The special project studies prompted Kwiatkowska to develop a step by step protocol for family therapy which she would use for assessment of family in sessions.
*This is a professional formal assessment technique used by a licensed clinical counselor and should not be conducted without proper training. This procedure is not used to diagnose or analyze clients' artwork, it is a procedure to aid in conversation prompts and bring light to underlying dynamics within family relationships.
- First each individual would make a(n); Free picture, family portrait, abstract family portrait, scribble drawing, a joint family picture, and finally a free picture.
- The first procedure, the free picture, usually was a representation of the introduction or of the family problem.
- The second procedure, the family portrait, elicits emotions that are shared by the family members present.
- These tend to pave a path for each of the family members to follow for clarification and a better understanding of the relationships, perceptions, and roles of each other.
- The third procedure is the abstract family portrait.
- This procedure helps the therapist differentiate between each member's capacity for abstraction.
- She noted the members with schizophrenia created symbols that convey meaningless often because their defenses exclude the possibility of recognizing and expressing feelings thus they use concrete meaningless statements to describe their art.
- The fourth procedure, the individual scribble, helped her gain an understanding of some of the family dynamics.
- The fourth procedure is especially significant in comparison to the fifth procedure.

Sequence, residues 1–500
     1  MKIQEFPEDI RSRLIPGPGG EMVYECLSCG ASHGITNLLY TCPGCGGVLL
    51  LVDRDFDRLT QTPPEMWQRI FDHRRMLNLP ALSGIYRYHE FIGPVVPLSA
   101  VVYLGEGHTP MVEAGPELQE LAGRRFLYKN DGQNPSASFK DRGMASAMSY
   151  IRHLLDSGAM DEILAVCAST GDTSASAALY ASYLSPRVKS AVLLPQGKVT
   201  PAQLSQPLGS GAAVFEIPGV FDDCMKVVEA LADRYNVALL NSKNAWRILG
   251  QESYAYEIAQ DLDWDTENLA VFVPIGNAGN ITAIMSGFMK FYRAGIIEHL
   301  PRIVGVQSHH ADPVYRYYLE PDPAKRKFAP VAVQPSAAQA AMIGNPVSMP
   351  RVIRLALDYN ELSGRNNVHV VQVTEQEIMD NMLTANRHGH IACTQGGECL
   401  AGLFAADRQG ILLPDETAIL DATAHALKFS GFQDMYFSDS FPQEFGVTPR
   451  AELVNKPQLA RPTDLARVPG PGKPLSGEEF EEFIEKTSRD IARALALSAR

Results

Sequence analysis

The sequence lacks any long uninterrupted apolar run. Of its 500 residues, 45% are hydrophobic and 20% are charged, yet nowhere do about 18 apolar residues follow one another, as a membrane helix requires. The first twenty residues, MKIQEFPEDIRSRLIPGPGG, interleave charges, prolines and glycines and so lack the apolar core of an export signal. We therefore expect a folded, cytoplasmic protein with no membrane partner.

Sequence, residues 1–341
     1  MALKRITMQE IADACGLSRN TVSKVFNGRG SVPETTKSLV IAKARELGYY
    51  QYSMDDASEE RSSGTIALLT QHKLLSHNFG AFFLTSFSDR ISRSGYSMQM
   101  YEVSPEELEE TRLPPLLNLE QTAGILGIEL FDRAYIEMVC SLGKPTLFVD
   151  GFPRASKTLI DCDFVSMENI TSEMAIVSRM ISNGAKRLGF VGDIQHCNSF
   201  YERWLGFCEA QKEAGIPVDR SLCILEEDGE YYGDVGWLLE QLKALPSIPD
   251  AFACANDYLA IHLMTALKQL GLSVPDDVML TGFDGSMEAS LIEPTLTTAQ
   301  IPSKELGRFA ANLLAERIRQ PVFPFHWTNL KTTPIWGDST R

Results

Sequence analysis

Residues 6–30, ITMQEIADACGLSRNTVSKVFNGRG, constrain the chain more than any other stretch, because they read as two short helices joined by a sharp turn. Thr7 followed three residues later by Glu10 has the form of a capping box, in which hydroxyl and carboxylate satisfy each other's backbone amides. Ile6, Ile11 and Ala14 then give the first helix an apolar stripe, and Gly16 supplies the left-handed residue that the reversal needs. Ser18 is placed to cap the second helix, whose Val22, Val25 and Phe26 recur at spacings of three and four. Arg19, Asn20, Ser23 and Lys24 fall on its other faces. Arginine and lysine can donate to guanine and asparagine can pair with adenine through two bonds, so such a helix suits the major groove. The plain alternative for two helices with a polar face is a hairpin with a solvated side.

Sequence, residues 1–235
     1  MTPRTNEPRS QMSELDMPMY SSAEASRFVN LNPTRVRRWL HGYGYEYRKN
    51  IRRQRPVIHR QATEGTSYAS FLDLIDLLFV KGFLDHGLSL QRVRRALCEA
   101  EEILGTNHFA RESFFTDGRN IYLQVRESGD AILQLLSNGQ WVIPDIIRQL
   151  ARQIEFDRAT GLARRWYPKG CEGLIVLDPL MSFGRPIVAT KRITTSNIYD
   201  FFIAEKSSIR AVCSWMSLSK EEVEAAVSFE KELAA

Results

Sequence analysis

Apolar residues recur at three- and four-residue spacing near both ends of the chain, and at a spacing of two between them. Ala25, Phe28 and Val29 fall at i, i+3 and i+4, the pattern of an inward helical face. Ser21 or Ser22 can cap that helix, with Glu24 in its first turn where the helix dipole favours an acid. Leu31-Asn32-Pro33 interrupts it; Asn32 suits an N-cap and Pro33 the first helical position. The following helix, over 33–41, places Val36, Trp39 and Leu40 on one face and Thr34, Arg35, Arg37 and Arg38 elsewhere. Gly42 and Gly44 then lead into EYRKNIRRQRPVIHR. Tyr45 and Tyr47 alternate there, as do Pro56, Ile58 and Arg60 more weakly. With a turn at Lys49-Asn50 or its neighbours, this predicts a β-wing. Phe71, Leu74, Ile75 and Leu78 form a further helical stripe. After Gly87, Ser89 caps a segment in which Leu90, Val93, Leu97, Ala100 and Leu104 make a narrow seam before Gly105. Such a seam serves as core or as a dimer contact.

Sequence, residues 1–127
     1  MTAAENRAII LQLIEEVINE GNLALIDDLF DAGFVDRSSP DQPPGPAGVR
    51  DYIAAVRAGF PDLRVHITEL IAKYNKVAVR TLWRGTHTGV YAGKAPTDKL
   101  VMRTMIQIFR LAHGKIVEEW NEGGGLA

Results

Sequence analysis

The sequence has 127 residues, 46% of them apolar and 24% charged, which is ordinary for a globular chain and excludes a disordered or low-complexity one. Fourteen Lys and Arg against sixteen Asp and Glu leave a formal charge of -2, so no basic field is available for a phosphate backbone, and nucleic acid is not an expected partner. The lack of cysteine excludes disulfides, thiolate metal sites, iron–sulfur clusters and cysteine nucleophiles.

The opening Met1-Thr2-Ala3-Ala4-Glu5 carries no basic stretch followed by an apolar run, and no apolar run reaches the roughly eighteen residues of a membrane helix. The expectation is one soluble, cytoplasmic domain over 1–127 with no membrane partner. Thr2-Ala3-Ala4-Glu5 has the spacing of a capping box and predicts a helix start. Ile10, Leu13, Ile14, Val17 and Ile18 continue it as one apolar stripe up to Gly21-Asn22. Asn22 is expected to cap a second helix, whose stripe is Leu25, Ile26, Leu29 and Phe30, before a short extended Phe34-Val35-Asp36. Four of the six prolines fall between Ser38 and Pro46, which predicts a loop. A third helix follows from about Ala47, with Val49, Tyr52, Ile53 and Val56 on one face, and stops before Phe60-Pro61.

- The fifth procedure is the joint family scribble
- This requires the family to work as a team and reveals how they face problems together and what their role is in the family.
- The sixth and final procedure is the free picture.
- This process sums up the perspective of each members’ whole experience that was shared by the family.
Kwiatkowska describes the difference between the first and last picture as “a measure of each family member’s tolerance of the stress aroused by the uncovering aspect of the preceding art procedures” .
Kwiatkowska published her first book Family Therapy and Evaluation Through Art in 1978. This book highlights her experiences, gives real examples in stories, provides the details and outcomes of her studies at NIMH, and lists the institutions that train art therapists (at the time). She was a continuous advocate of art therapy throughout her life. She was invited to speak at lectures and has organized art therapy exhibits for national and international psychiatric conferences. She also gave illustrated lectures on psychoanalytically oriented art therapy at the psychiatric centers of Brazil while she lived there in the early 1940s. Her life was cut short when she was diagnosed with cancer in the late 1970s and eventually passed away in 1980. Hanna Kwiatkowska’s contribution to family art therapy was the successful implementation of using art with families. She used her experiences to conduct research and produce valuable studies that continue to benefit people with schizophrenia and their families. The techniques and processes she designed are in continued use by art therapists who work with families today.
- Kwiatkowska, Hanna (1978). "Behavioral Family Therapy. Edited by Bruce A. Thyer. Springfield, IL: Charles C Thomas, 1989". Social Work. doi:10.1093/sw/37.3.273-b. ISSN 1545-6846.
- Wadeson, Harriet (2006). "Hanna Xaxa Kwiatkowska: Family Art Therapy Pioneer". Art Education. doi:10.2307/3192428. ISSN 0004-3125. JSTOR 3192428.